Those connections include international partners like the French Wine Society, L’Ecole du Vin de Bordeaux and the International School for Culinary Arts. They also partner with Allan Brothers Fruit Company, located in Naches, WA., and they donate fruit to the students to make wine with.
The academy had nearly 198 students enrolled in the 2017-18 school year. Those numbers have gone down, largely due to the pandemic response and the need for online classes, as well as capping class sizes to allow for some distancing. The most recent figures showed an enrollment of 122 students during the 2020-21 school year and that represents a limit placed by the college, rather than shrinking interest. In fact, interest in the program continues to grow according to Ty Swenson, Director of Communications for South Seattle College.
With a long background working in wineries, Bill Snyder teaches a number of classes, including Wine 101, Viticulture and Oenology, the production classes of which there are two cohorts, Advanced Wines of the World and New World Wines. “We are the only wine production program west of the Cascades in the state,” Snyder said. “We do a pretty gradual entry into the cellar and give students sort of the basics. It sounds like a joke, but the fact is wineries can be dangerous places and a lot of the introduction to the program is sort of ‘how not to die in a winery.’”
Snyder is the only full-time instructor at the academy. “Our part-time faculty is wonderful, they all come from the industry and so bring this real-world experience and real stories to their students,” he said. “One of the things that attracted me to this industry is there isn’t just one way to do it.”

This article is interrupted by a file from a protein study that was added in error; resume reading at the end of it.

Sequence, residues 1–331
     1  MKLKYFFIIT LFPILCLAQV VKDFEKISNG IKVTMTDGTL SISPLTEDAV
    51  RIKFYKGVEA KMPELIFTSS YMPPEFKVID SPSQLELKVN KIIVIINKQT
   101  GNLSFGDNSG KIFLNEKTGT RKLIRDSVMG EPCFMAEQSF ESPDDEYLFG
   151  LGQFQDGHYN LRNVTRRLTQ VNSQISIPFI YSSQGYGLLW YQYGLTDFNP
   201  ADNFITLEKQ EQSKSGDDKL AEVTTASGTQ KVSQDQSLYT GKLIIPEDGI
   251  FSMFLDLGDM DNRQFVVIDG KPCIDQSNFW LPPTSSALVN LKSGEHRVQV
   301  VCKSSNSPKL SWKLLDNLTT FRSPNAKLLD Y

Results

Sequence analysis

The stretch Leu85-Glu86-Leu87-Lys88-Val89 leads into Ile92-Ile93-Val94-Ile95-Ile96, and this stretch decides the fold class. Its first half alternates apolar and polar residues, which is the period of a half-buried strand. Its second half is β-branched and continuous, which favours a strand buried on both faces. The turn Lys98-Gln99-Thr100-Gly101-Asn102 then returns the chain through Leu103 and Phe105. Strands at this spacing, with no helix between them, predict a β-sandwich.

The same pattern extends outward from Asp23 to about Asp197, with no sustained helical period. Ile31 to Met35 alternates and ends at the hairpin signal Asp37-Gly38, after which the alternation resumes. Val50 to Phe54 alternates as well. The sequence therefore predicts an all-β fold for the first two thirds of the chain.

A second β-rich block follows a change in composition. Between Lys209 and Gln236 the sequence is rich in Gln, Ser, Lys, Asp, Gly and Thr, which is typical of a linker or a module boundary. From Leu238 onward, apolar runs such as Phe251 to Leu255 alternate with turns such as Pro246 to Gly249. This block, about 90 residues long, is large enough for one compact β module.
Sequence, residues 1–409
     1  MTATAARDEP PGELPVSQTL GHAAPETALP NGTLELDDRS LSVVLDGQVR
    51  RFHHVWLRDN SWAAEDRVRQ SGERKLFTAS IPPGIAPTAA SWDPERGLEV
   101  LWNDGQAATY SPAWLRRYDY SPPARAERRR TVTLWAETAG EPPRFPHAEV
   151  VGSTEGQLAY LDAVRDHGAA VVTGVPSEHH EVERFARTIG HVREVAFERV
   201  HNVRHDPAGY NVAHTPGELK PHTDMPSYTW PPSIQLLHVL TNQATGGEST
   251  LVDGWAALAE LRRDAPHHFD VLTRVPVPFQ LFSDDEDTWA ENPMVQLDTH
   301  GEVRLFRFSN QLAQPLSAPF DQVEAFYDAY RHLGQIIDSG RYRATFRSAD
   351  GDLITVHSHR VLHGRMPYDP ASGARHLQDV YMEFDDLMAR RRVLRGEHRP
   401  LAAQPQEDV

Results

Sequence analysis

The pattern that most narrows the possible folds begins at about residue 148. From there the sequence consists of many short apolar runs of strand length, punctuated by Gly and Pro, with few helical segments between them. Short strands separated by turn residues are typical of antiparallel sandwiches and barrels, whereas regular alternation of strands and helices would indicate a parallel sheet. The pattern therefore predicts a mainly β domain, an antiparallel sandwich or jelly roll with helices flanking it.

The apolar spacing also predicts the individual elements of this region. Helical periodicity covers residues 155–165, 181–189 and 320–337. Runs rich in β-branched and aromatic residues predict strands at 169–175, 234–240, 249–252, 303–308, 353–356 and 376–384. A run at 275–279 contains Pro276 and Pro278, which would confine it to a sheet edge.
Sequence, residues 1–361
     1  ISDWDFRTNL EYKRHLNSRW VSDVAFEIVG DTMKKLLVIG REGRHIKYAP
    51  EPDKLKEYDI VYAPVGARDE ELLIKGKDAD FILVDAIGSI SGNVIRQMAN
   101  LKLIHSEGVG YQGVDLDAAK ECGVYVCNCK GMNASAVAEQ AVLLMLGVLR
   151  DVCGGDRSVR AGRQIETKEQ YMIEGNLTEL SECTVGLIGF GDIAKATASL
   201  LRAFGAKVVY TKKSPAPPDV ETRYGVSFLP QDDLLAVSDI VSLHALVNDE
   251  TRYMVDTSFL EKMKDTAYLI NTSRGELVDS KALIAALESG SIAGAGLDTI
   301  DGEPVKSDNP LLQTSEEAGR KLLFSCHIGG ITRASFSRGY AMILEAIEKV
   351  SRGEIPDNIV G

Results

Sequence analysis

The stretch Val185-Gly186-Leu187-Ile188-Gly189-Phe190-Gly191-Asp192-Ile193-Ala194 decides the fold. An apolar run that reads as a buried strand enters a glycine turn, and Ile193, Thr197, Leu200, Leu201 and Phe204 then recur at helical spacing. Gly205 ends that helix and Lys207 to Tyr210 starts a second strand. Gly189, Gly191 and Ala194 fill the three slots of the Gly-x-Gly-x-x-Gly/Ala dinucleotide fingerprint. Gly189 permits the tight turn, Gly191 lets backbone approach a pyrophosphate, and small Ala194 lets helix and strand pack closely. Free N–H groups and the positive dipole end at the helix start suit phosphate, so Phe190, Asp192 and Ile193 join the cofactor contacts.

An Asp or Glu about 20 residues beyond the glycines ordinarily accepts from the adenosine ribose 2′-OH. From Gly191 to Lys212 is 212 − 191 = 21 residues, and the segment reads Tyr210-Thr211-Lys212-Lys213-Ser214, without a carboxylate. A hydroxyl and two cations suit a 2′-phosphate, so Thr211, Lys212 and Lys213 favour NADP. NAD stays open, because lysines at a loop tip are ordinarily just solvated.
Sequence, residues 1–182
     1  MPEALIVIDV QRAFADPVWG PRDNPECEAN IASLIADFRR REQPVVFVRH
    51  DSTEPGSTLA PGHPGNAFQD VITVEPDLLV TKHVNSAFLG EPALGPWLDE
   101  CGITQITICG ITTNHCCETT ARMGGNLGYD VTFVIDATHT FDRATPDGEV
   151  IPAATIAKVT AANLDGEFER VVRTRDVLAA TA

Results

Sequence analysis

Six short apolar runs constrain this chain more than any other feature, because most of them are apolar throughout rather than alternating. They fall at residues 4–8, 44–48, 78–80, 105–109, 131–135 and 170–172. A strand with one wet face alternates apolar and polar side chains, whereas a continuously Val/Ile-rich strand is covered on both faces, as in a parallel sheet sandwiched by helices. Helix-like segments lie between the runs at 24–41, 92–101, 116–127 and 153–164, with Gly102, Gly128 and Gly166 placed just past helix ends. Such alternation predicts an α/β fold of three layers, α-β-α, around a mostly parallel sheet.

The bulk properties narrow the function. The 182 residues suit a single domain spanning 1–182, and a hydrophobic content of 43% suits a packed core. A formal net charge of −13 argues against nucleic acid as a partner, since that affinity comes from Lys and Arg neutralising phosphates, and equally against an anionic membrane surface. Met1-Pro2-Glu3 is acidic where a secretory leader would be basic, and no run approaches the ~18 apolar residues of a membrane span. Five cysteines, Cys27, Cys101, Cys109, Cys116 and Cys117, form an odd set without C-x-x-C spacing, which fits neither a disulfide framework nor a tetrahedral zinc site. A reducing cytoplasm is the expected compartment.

The academy’s practical approach to the wine industry covers a number of bases, though it would be naive to think one can simply go to school and learn how to make great wine. “The best wine in the world is not made by wine Ph.D. ‘s,” said Snyder. “There is so much to learn and so many ways to do all of it, there’s no way to cover what winemaking is just in a classroom.”
The classroom, however, is a good starting place. The academy has a long list of alumni who have made it big in the Washington wine industry. They include Bill Grassie of William Grassie Wine Estates, John Patterson of Patterson Cellars, Jason Morin of Ancestry Cellars, Tom Strangeland of Cloudlift Cellars, Chris Loeliger of Truth Teller Winery, Terry Wells of Love That Red Winery, Seth Kitzke of Kitzke Cellars, Scott Greenberg of CZ Cellars, Jeff and Sheila Jinka of Davenport Cellars, Kit Singh of Lauren Ashton Cellars, Matt Austin of Grosgrain Vineyards, Todd Threlkeld of T2 Cellars, Nicole Camp of Lashelle Wines, Michael Savage of Savage Grace Wines and Charlie Lybecker of Cairdeas Winery.